Business Insider/Mary HanburyThe machine we used was set to Comb’s personal preferences.

If you have noted that you have a leg injury, for example, the machine will suggest a less intense version when it comes to exercising this part of the body.

This level of personalisation is what distinguishes the machine from other home workouts, Brynn Putnam, founder and CEO of the company, told Business Insider.


Putnam, once a professional dancer for the New York City Ballet, came up with the idea for the machine after she had a child and found herself too busy to get to the gym.

Getty Images

“Studio classes are great for high-quality, hands-on training but are often draining on time and budget,” she said in a news release when the product launched in 2018.

She continued: “We’re creating a personalised experience with the best trainers and classes around the world, so anyone can enjoy the benefits of a workout, whenever and wherever they want.”


“But we didn’t want to sacrifice quality for convenience,” she told Business Insider. Instructors hail from top New York gyms and fitness centres including Equinox, Nike, and Physique 57.

Courtesy of Mirror

Customers have to buy a 12-month subscription to these classes, which cost $US39 per month.

Customers who want a truly personalised experience can opt for personal-training sessions using the mirror’s built-in camera and microphone. Each session costs $US40.


One of the best features is the heart rate monitor. This allows you to see exactly how close you are to achieving the target heart rate for the exercise.

Business Insider/Mary Hanbury

To keep the user engaged throughout the workout, messages pop up on the screen to encourage you to work harder.

If you’re live-streaming a class, the instructor might also give you a shout-out.


At the end of the workout, we were asked to take a selfie and rate both the class and instructor.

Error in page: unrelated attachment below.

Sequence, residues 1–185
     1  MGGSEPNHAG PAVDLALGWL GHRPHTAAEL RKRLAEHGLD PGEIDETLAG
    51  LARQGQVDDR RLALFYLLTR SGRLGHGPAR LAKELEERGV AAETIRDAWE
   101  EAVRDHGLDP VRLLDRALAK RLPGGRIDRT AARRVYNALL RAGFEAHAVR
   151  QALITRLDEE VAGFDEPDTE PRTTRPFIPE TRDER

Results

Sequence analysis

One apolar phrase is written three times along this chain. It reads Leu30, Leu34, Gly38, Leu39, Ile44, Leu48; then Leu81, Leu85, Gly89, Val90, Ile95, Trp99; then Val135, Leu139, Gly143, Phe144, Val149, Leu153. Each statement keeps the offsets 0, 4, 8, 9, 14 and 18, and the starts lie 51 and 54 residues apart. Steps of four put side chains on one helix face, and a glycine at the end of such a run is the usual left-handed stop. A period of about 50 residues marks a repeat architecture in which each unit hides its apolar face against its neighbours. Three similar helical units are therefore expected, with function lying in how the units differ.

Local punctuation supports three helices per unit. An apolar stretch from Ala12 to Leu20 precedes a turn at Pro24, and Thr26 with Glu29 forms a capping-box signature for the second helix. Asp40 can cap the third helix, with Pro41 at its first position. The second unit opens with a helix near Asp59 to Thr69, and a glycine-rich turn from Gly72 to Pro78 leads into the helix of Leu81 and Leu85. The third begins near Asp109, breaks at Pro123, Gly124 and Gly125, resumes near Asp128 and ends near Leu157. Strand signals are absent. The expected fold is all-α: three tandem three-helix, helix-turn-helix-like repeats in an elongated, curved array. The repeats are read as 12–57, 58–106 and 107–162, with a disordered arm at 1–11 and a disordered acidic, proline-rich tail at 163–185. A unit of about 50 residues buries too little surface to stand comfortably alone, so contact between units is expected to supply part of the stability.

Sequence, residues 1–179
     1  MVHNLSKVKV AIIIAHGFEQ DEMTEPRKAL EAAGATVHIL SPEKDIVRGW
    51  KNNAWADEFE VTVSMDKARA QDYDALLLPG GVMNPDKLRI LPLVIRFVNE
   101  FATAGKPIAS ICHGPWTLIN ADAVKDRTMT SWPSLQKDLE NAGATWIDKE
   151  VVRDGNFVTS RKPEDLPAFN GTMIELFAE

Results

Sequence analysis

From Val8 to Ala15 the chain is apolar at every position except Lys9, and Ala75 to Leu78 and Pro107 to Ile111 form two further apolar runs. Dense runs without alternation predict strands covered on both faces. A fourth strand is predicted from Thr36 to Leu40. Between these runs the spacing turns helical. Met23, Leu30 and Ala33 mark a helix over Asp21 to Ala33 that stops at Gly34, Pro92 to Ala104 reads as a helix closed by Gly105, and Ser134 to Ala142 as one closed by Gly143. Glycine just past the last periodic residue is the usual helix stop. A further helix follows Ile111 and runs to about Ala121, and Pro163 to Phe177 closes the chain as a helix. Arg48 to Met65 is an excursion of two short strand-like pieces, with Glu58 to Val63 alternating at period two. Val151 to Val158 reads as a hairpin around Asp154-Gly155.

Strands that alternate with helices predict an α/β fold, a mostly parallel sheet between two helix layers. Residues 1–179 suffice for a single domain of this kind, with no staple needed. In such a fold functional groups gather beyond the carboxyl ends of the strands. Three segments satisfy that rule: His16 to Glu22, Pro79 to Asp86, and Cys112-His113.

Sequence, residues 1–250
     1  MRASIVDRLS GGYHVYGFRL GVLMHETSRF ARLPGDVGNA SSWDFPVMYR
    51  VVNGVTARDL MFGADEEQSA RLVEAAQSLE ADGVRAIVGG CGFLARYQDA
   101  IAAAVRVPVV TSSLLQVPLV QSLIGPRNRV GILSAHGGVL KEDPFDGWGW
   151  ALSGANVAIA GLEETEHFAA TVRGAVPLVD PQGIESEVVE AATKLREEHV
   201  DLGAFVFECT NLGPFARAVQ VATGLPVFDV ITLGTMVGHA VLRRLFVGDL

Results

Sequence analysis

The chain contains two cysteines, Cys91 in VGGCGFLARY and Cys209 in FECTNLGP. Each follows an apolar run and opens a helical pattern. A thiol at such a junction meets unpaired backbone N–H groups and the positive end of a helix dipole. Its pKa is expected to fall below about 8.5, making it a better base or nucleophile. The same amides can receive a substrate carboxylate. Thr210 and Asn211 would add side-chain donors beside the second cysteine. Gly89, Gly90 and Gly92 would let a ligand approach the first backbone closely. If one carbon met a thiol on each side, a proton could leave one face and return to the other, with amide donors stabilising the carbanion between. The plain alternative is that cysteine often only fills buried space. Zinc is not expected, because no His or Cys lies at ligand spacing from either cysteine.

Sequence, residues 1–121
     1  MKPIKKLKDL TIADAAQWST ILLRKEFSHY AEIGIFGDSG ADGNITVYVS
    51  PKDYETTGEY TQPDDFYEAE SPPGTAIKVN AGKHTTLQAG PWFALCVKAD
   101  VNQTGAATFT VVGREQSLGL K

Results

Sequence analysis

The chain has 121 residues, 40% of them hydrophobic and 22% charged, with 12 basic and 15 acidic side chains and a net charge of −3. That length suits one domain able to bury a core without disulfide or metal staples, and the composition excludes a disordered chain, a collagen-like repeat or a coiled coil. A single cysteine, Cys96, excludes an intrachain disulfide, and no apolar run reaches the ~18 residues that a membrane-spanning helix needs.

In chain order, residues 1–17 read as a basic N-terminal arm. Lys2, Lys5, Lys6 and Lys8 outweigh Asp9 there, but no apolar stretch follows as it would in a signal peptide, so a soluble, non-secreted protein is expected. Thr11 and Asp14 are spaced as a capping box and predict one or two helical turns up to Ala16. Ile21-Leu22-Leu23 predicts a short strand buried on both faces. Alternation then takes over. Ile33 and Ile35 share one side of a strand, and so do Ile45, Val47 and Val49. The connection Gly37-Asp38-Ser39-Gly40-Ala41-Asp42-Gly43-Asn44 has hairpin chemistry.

Business Insider/Mary Hanbury

Our verdict:

Courtesy of Mirror

The biggest bonus of the screen is that it takes up no room space. While you’ll need to carve out an area to actually do the exercises in, when you’re not using it, it won’t encroach at all.

For those who don’t have the time or can’t make it to a group class, this is about as good as it gets. It’s easy to use, and the wide breadth of classes means you can have it all from your very own living room.

Cost is a big factor here, however. While the price comes in below some of its competitors such as Peloton and Flywheel, whose home fitness bikes cost $US2,245 and $US1,699 (without a screen), respectively, it is still a pricey purchase.

You can also choose to pay for the mirror in monthly installments over a 12-, 24-, and 36-month period with no interest.


The Mirror could also end up offering more benefits to its users beyond fitness.

Getty Images

Putnam has big plans for Mirror that extend beyond fitness to other types of content including therapy and meditation. Eventually, she sees the tech as a way for users to shop and chat with friends.

“We believe it will become the third screen in your life,” she said.